PetaPixel

Facebook Photos Employee Posts Step-by-Step Instructions for Stealing Grad Photos

gradsteal

It takes about 13 steps (give or take a step) to steal a graduation proof off of the Grad Images website and remove the watermark in Photoshop, but it only takes one step to get everybody in the photo community to hate you: post those 13 steps online in a cheeky blog post about “freeing” your grad photos.

Which brings us to Jesse Chen, a software engineer, graduate of UC Berkley and member of the Facebook Photos team who saw nothing wrong with posting detailed photo theft instructions on his blog for his fellow graduates.

gradsteal1

You can find the full blog post here, but outside of the step-by-step walkthrough — which includes instructions on how to bypass disabled right-click in Chrome, Firefox and Internet Explorer, complete with screenshots… he was thorough — the spirit of the ‘tutorial’ is summed up in the introduction:

Congrats new grad. Now that graduation is over, photo proofs have been sent to you online for you to view. The only problem is, you can’t seem to save those pictures! Right clicking on the website seems to be disabled and you really want to see and share the images without that ugly copyright overlay or the proof watermark right in the middle of the picture.

Don’t worry. In this article, my buddy Jonathan Tien and I partnered up to teach you how to grab the image off the website, and use Photoshop to remove the proof watermark from the image.

gradsteal2

Of course, the responses in the comments were anything but positive right up until he disabled commenting on the post. Everything from “so intellectual copyright theft is what they’re teaching at UC Berkley these days,” to “ummm… you know this is illegal right,” to some much more strongly worded comments.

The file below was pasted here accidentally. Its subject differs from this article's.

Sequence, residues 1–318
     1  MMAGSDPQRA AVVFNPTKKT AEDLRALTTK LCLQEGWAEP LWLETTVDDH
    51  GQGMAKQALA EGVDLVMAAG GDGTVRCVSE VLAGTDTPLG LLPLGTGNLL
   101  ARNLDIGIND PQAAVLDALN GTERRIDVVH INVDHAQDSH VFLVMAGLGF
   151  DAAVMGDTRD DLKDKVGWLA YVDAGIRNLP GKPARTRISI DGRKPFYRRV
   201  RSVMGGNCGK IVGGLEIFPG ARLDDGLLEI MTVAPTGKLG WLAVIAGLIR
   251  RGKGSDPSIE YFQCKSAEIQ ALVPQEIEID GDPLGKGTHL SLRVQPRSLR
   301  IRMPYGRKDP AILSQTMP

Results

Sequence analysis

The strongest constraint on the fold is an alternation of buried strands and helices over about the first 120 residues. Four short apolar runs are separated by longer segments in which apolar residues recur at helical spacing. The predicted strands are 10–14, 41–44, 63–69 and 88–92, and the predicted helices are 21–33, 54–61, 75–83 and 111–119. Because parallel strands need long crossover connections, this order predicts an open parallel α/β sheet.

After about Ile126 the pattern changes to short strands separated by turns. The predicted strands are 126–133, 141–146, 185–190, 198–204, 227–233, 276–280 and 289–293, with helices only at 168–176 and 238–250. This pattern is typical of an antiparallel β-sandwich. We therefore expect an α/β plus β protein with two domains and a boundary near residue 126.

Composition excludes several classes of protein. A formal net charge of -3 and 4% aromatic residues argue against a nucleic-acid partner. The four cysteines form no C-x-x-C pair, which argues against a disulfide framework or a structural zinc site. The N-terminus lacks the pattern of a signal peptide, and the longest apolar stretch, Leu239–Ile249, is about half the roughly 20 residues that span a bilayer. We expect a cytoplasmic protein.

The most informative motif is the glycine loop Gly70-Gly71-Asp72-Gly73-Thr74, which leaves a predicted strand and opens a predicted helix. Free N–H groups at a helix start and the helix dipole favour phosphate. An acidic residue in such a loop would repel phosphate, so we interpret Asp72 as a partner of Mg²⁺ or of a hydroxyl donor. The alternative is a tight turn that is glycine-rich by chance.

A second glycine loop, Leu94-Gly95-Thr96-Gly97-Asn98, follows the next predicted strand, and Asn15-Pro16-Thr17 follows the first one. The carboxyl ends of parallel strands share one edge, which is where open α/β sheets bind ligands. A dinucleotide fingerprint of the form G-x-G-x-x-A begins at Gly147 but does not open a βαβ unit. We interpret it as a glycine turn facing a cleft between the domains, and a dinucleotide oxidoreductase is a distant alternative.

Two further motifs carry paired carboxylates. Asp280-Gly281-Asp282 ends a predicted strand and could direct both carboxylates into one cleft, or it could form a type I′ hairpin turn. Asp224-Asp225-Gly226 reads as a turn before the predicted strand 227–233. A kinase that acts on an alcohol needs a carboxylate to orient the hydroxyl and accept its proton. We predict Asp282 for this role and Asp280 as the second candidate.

Negative reaction or no, the post is still live and some 1,000 people have “liked” the tutorial… we wonder how many of those went ahead and grabbed their photos from Grad Images illegally now that they have a step-by-step guide.


 
  • BuckCash

    It’s called “sarcasm”, and he’s making a point to those who thinks there IS a difference.

  • Paul-Simon

    That sure would suck, but doing business through digital distribution you sort of have to expect some loss through piracy, unless they come up with a more clever solution.

    I don’t have to worry about that because my way of doing business doesn’t work this way.

    So I guess my word of advice is to come up with better, less vulnerable solutions. If something can be exploited, it often will be exploited.

  • Jason Yuen

    I agree with that. But don’t assume I’m justifying breaking the law just because I said watermarks are ineffective.

  • http://www.bobcooleyphoto.com/ bob cooley

    Ahh, i missed (and I think a lot of others did too) that this was sarcasm – missed the /sarcasm tag ;)

  • Paul-Simon

    The answer is often yes, depending on how you define “okay”.

    Okay with the law? Nah.

    Okay with the species who define the law? See, piracy is actually very socially accepted all over the world, so I’d say it’s “generally” a yes, but it of course varies by context.

  • BuckCash

    That’s like saying, “there’s not much anyone can do to stop the behavior of ANY criminal activity, so let’s just throw our hands in the air and accept it, because it’s not going to stop – Oh well…”

    Immoral behavior and the law apparently don’t mean much at all to you, since it’s not affecting you directly, I guess.

    Oh wait… You say you’re a photographer? Show me your stuff, so that I can copy it and use it however I please, since you don’t care because there’s “not much anyone can do to stop the behaviour” anyway.

    Tell us all, oh seer of photographic business vision, how YOU have adapted YOUR photography business so that piracy doesn’t affect you.

  • Paul-Simon